One of the main pillars of modern leadership styles is that it transforms followers, creates visions of the goals that may be attained, and articulates the followers’ ways to attain those goals (Burns, 1978). Such traits are found in transformational leadership whereby leaders who possess those skills mobilize resources to arouse, engage, and satisfy the motives of followers. This leads to interactions where leaders can become agents of change whose acts affect other people more than other people’s acts affect them—leaders start acting as servants to groups of followers or teams to achieve a higher, more common purpose than that of the collection of the servant leader and the group. Thus, leadership has a unique role to play in the personal purposes and goals of symbiotic visions, i.e., teams of people that denote a mutually beneficial relationship between different individuals or teams.
The 2017 State of DevOps Report indicated that transformational leadership is what differentiates considerably low- and medium- from high-performing organizations. In fact, leadership in organizations that are self-characterized as DevOps-oriented have been an emergent theme for the past few years. The word, “leader,” and its extended wording, “leadership,” has just 6 mentions in the 2019 edition, 11 mentions in 2020, and 33 mentions in 2021.
Leadership buy-in for adoption of DevOps practices and principles is a key predictor of success for the entire organization, but a common question is, “How can leadership demonstrate their commitment to change?” Executive leadership may not have the ability to change the daily habits of teams or engineers, but they do have a lot of influence over organizational structure and value streams. The formation of a platform as a product and one or more teams to support that platform is an action that executive leadership can take to expand DevOps success beyond the pockets of a couple teams doing laps around others. However, this is not just renaming an operations function.
What does “transformational” mean?
To further develop the aforementioned leadership style, it is necessary to set a clear path for what “transformational” means and how the following four pillars constitute its essence:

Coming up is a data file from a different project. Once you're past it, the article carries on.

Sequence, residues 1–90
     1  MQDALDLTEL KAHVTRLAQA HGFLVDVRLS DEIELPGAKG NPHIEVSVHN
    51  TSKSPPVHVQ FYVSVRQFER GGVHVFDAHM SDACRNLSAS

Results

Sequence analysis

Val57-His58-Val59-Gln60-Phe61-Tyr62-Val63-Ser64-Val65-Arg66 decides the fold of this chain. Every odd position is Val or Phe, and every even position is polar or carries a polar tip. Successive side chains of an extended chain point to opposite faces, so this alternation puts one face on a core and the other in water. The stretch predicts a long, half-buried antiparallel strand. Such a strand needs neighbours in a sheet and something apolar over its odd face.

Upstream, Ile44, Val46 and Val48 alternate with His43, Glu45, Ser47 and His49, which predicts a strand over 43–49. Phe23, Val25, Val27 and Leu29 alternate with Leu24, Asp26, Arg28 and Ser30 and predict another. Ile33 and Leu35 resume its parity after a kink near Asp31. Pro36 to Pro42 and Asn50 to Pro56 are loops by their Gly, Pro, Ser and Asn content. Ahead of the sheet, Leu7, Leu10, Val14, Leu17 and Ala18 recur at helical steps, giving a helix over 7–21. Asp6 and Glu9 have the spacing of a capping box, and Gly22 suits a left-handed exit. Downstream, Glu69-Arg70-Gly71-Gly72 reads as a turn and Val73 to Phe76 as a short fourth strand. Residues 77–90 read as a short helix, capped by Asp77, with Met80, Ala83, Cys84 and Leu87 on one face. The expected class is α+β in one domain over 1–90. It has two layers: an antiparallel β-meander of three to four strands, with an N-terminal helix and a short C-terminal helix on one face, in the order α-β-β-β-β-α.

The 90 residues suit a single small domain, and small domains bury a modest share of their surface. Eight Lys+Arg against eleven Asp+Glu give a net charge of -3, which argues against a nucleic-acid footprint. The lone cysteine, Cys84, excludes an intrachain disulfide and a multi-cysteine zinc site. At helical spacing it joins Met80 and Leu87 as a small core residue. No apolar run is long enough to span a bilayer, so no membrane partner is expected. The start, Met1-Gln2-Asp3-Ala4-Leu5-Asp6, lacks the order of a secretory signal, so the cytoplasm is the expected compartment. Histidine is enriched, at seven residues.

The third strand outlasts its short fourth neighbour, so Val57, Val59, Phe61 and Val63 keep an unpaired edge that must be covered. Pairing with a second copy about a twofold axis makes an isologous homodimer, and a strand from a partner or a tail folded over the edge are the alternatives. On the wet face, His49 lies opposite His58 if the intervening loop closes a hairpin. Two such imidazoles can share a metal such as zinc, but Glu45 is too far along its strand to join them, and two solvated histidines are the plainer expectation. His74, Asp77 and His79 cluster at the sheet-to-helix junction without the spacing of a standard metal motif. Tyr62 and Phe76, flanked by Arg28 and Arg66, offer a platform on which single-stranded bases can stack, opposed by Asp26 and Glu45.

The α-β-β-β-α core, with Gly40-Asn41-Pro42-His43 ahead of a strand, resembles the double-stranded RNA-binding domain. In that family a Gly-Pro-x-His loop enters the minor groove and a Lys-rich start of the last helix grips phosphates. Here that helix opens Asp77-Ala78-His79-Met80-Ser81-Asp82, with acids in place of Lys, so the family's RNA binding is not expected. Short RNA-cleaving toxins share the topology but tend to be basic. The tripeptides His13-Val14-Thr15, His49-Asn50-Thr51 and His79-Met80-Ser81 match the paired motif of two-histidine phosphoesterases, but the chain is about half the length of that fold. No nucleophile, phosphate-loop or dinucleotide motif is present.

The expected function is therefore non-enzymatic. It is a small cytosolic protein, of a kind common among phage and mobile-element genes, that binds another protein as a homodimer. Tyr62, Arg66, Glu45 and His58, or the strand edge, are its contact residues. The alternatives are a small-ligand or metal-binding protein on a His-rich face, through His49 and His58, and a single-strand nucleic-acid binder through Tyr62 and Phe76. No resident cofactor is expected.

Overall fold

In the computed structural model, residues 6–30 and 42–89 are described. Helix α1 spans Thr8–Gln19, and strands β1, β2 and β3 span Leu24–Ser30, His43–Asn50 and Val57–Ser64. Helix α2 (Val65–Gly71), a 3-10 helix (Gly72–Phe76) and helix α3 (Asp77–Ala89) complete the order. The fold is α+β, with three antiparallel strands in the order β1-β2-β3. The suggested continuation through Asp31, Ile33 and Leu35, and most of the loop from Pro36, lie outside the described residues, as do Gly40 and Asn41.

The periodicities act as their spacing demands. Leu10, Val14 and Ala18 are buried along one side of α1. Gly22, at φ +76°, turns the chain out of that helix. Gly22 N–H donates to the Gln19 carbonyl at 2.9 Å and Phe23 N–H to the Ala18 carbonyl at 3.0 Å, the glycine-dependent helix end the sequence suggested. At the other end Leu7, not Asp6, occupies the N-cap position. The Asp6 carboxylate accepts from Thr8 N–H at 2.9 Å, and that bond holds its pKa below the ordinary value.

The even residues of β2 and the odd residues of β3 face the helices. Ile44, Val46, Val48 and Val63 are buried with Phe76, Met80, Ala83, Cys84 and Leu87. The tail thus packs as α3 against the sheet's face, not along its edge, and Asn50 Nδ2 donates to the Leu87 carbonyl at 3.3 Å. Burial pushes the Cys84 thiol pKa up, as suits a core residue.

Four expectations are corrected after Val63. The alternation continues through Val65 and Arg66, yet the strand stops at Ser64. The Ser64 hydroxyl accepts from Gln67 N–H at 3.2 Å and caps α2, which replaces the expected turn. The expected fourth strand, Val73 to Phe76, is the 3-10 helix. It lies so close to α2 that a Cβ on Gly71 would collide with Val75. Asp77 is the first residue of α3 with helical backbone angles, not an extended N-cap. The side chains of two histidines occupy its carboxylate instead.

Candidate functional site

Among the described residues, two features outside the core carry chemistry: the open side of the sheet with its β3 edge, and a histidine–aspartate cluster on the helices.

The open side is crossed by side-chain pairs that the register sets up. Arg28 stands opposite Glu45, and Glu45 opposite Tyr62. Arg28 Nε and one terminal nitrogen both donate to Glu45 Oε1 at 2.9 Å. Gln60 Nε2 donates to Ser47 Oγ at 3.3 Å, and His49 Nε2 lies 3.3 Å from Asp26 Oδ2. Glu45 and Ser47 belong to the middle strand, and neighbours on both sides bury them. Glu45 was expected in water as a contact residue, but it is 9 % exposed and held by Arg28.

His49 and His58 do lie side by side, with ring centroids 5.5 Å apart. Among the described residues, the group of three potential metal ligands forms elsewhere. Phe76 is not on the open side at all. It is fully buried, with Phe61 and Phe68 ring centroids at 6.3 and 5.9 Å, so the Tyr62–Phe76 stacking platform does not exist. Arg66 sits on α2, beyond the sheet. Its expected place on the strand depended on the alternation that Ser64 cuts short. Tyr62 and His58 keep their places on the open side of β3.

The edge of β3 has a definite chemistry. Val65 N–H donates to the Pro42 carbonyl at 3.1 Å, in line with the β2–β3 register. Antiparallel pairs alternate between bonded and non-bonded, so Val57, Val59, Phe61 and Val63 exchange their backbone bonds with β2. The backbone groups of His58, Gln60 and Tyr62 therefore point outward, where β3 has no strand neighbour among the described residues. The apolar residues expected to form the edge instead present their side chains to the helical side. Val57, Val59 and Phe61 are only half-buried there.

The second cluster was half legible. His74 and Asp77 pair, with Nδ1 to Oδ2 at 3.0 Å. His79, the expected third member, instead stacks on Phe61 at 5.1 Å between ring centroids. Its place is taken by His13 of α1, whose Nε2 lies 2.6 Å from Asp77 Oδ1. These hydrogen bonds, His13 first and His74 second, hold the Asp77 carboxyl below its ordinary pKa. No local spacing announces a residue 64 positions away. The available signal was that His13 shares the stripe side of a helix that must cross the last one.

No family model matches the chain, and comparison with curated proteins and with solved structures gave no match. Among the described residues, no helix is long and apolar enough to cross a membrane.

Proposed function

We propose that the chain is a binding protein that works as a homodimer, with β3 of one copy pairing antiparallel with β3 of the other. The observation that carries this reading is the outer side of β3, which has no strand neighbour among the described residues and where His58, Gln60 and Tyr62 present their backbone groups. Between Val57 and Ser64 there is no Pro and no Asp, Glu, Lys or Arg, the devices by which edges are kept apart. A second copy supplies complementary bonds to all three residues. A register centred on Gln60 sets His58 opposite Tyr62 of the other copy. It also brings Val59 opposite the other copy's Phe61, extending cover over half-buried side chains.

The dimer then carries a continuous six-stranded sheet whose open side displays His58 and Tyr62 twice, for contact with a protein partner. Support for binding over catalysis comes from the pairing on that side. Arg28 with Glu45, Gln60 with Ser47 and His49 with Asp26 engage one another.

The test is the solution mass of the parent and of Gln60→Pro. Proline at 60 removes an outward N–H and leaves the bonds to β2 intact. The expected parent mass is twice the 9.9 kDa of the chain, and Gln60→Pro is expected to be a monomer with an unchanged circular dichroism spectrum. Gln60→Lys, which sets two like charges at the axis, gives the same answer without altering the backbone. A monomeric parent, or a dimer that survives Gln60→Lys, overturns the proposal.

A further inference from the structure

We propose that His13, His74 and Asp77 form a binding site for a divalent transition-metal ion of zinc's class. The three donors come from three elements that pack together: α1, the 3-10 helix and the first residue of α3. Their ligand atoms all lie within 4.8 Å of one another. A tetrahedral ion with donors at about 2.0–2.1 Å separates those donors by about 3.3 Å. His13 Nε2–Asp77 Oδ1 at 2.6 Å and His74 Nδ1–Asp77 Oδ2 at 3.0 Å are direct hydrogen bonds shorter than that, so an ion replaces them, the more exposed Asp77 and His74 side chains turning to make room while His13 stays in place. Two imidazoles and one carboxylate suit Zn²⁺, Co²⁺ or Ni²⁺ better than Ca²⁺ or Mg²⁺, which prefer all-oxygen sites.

Intellectual Stimulation (IS)
- Challenge the status quo
- Encourage followers to learn, be creative, and explore new ways of doing things
- Decentralize decision making
- Expect relentless improvement
- Encourage innovative thinking
- Adaptive leadership
- Unlock intrinsic motivation
Individualized Consideration (IC)
- Offer personalized support, coaching, and encouragement
- Keep lines of communication open
- Offer direct recognition of individual and team contributions
- Exhibit genuine care and concern
- Be empathetic (linkage to servant leadership)
- Develop leaders to empower others
Inspirational Motivation (IM)
- Inspire and align with a mission (linkage to charismatic leadership)
- Articulate a clear vision and intent
- Inspire passion and motivation to achieve goals
- Drive organizational alignment
- Encourage others
Idealized Influence (IIA/IIB)
- Lead and foster change
- Know the way (linkage to authentic and charismatic leadership)
- Be a role model—set an example
- Be a lifelong learner—gain the knowledge required for change
- Create an environment of trust and respect through transparency
- Act with integrity
Additionally, the State of DevOps Report conveys that DevOps leaders with a servant leadership mentality inspired better team performance. The leader is essentially serving rather than being served and this renewed approach creates an environment of trust, collaboration, and reciprocal service which ultimately leads to higher performance. Servant leadership was developed as a theory of ethical leadership that is comprised of values such as integrity, altruism, humility, empathy and healing, personal growth, fairness, justice, and empowerment. “Servant leadership is a holistic leadership approach that engages followers in multiple dimensions such as relational, ethical, emotional, spiritual in order to empower them to grow into what they are capable of becoming”.